Holster Cant Simplified
Concealed Carry for Women

Holster Cant Simplified

Now, you may think that holster cant is a simple term that is easy to understand. If so, that’s great! But for beginners, cant can be confusing if it isn’t properly defined. Positive, negative, neutral, FBI… what does all this mean? Don’t worry, after reading this post you will be a pro!

What is holster cant?

First, let’s go over some of the more common terms used in relation to holster cant. “Cant” just means the angle in which your gun is holstered. There are three options and variations of each.

  1. Neutral Cant: The holster is pointing straight up and down, there is no angle. The top of the holster is directly above the bottom of the holster.
  2. Positive/Forward Cant: The holster is angled so the top of the holster is more forward than the center. The grip is more forward than the barrel in relation to the holster.
  3. Negative/Reverse Cant: The holster is angled so the top of the holster is more rearward than the center. The grip is more rearward than the barrel of the holster in relation to the holster.

Many holsters have clips or mounting systems that allow you to adjust the angle of your holster.

What cant is best for my carry position?

Each cant type is useful for different positions. You can always adjust to make yourself more comfortable but there are some generally accepted guidelines.

  1. Neutral Cant: This cant is great for carrying on the side of your hip and on your strong side. Drawing from this position is a natural movement and is comfortable.
  2. Positive Cant: This is best used on your strong side, usually in the 4 o’clock or kidney postion.
  3. Negative Cant: This position makes gripping your gun easier when carrying cross-draw or appendix. The grip will be shifted toward your hand for easier drawing.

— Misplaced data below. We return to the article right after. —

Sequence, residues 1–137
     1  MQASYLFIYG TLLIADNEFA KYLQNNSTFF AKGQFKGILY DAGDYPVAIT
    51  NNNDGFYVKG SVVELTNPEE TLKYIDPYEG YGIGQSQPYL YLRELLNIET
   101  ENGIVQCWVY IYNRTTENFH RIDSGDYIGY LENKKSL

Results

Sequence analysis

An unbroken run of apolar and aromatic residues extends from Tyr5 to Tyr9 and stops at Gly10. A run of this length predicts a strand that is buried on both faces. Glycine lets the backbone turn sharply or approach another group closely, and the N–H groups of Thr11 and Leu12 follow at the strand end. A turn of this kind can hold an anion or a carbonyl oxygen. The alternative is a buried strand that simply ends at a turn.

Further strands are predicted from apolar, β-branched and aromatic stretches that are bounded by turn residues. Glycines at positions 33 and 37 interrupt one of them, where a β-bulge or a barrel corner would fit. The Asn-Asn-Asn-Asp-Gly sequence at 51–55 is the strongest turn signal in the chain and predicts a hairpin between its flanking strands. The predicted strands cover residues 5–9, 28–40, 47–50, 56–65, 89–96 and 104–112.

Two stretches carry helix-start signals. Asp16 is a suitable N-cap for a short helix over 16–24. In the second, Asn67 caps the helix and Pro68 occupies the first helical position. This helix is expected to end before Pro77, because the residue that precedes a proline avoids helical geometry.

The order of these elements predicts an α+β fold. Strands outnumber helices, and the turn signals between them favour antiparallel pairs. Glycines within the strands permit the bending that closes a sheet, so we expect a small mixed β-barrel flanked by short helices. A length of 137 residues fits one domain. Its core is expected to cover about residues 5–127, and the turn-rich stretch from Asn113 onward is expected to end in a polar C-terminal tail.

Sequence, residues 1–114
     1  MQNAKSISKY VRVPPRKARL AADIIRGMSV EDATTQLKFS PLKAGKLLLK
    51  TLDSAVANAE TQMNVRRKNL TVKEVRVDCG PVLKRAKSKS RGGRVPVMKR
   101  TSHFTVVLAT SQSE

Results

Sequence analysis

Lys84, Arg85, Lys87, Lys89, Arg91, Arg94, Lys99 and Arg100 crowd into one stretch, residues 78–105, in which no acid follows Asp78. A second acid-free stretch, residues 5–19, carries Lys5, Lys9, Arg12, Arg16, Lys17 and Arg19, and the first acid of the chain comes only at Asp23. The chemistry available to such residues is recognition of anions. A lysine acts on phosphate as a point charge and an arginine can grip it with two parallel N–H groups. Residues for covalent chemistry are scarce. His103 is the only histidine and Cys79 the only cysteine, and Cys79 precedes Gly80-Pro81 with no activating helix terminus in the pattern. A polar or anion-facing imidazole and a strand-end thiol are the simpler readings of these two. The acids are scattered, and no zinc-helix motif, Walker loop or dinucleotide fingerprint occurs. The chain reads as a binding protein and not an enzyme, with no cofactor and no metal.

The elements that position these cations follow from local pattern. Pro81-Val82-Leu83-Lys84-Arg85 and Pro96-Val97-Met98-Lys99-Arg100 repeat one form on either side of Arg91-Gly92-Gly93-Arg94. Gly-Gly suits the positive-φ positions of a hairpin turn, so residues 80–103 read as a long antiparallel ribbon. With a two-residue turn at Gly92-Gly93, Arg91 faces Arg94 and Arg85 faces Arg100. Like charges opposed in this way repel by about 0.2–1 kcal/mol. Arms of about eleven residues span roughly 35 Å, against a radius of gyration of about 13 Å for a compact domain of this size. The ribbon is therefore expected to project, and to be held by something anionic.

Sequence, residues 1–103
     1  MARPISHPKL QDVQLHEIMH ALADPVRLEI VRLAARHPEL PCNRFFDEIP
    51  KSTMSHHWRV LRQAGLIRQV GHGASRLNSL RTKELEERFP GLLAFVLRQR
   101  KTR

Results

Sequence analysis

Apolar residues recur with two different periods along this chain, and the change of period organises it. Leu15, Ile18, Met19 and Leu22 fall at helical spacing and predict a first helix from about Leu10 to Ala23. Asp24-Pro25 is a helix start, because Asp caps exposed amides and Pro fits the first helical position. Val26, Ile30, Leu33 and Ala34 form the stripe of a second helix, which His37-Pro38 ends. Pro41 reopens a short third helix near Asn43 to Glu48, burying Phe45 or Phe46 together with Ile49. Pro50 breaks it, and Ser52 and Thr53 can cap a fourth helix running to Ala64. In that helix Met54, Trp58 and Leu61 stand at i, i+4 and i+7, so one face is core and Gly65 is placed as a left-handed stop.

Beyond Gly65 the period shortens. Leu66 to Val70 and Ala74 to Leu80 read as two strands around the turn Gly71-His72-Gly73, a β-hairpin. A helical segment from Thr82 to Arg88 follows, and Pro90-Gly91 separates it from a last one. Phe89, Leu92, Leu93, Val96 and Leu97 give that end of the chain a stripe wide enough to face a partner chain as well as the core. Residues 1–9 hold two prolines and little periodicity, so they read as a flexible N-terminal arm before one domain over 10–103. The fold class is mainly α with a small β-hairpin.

Will anything else affect how I cant my holster?

Finding the right cant for your holster will depend on four things. Where the holster is positioned, ability to grip, ability to conceal, and comfort.

  1. Position: As mentioned above, there are some cants that are just better for each carry position.
  2. Grip: The most important consideration when choosing your cant will be your ability to get a good grip on your gun. You have to be able to draw your gun quickly and effectively so you don’t waste precious seconds when you need to be ready to use your gun.
  3. Concealment: Another very important factor is your ability to conceal your gun! The holster cant can help with this! The slight tilt will help the gun sit closer to your body and prevent printing.
  4. Comfort: If you can grip and conceal your gun, the next issue you need to think about is comfort! This will be more related to the degree of the cant more than anything. You know that you want to carry in the kidney position and a positive cant works best. Your comfort level will determine how extreme your angle will be. While a 10 degree cant works for some, a 20 or 30 degree cant may work better for others.
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Final Thoughts

Keep a few things in mind when thinking about holster cant. First, cant is just a term that means the angle in which you carry your holstered gun. Secondly, you want to find the right cant/position combo. Then, think about your ability to grip and conceal your gun. Finally, you need to find the most comfortable and accessible way for you to carry your gun.

It is always important to practice drawing from your holster, unless you are at the range shooting live fire, this practice should be done with an unloaded gun. Practice is also required if you change the cant of your holster. The angle of your hand as you grasp the grip of the gun changes, so it is very important that you make sure that you and your hand are comfortable drawing from an any and all cant angles. The angle with which you carry your gun also can impact your cover clothing. It’s important that the angle of your holstered gun doesn increase the likelyhood of that clothing snagging during your draw from concealment.

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